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The view that we can’t know when life begins is common among those who support legal abortion. And because we can’t know, they say, this means pro-lifers shouldn’t impose their “religious belief” that life begins at conception on others by outlawing abortion.
But the claim that a human being’s life begins at conception isn’t religious dogma. It’s actually a scientific fact.
We can know three things about the unborn that tell us when human life begins. We know the unborn are alive, they are human, and they are whole organisms. First, the unborn take in nutrients and grow via cellular reproduction. Second, the unborn are offspring of human parents, and have human DNA. And finally, The unborn are human organisms like you or me; whereas sperm, egg, and body cells are merely human tissue and do not have any rights.
You, me, infants, and the unborn are all human organisms. That’s because we all have an intrinsic capacity to develop as organisms, a capacity that body cells do not have. This is true even if we die before we grow up into mature members of our species. No matter how much time or nutrients you give sperm, eggs, and other body cells, they can never develop into a mature member of a species. That is because these cells are not organisms. They are instead body parts that belong to a larger human organism. And it is that organism that deserves special rights, including the right to life.
Adult, teenager, child, infant, fetus, embryo, blastocyst, zygote: these are all stages of development in the life of a human organism. Shouldn’t we treat all human organisms, or what we usually call human beings, equally regardless of what level of development they are currently at?
Finally, experts, including those who support legal abortion, agree that the life of an individual human being begins to exist at conception, or what scientists usually call fertilization. The standard medical text Human Embryology and Teratology states, “Although human life is a continuous process, fertilization is a critical landmark because, under ordinary circumstances, a new, genetically distinct human organism is thereby formed.” Keith Moore and T.V.N Persaud’s textbook The Developing Human states, “Human life begins at fertilization” Langman’s Medical Embryology also states that, “Development begins with fertilization.” Finally, the fourth chapter of Scott Gilbert’s textbook Developmental Biology is simply titled, “Fertilization: Beginning of a New Organism.”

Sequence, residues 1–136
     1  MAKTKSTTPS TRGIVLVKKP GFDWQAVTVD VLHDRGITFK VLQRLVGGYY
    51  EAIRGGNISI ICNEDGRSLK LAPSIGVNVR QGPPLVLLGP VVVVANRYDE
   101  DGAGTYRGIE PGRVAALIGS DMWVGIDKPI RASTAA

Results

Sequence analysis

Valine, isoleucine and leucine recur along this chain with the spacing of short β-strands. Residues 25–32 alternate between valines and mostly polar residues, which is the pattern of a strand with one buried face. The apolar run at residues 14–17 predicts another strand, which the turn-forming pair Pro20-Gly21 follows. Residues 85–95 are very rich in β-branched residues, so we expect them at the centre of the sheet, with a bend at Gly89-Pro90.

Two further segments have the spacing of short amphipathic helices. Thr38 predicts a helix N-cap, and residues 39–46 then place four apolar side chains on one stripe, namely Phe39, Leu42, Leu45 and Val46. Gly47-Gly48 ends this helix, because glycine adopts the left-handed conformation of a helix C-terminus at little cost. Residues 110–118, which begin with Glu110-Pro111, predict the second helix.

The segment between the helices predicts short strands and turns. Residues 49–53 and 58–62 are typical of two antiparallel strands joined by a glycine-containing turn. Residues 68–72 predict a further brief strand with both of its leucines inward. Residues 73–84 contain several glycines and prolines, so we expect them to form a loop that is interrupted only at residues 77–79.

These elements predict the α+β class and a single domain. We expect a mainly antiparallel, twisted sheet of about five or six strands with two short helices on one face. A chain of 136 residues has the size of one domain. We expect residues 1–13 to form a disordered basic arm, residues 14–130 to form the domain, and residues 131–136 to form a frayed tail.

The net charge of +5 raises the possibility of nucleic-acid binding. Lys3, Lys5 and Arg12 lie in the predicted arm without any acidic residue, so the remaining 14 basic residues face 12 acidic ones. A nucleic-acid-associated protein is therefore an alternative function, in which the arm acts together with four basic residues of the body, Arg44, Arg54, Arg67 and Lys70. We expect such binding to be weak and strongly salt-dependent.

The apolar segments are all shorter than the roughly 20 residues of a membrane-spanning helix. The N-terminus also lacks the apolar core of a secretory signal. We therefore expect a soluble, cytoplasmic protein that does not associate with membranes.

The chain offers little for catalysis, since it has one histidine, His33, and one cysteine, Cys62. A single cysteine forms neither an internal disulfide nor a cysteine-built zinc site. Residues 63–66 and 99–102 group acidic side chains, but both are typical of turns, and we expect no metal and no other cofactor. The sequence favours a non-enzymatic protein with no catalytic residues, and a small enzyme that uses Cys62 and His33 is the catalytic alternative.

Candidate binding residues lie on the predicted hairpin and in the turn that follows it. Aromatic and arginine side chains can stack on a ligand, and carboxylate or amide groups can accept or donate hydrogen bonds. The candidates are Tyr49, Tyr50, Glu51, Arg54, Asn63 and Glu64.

The philosopher David Boonin writes in his book A Defense of Abortion, “[T]he most straightforward relation between you and me on the one hand and every human fetus on the other is this: All are living members of the same species, homo sapiens. A human fetus after all is simply a human being at a very early stage in his or her development.” Pro-choice philosopher Peter Singer writes in his book Practical Ethics, “there is no doubt that from the first moments of its existence an embryo conceived from human sperm and eggs is a human being.”
When does life begin? When it comes to members of the human species, or human beings, the answer is clear: life begins at fertilization, or what we often call conception. After fertilization, body parts like sperm and egg cease to be. In their place is a new, whole body, or a human organism.
Now we must ask this question: should all human organisms–regardless of how able-bodied they are, or how mentally developed they are, regardless of their age, race, sex, or any other factor–should all human organisms be treated equally and have a basic right to live? The reason abortion is wrong is because it violates the right to life of these very small human beings who are simply waiting to be born.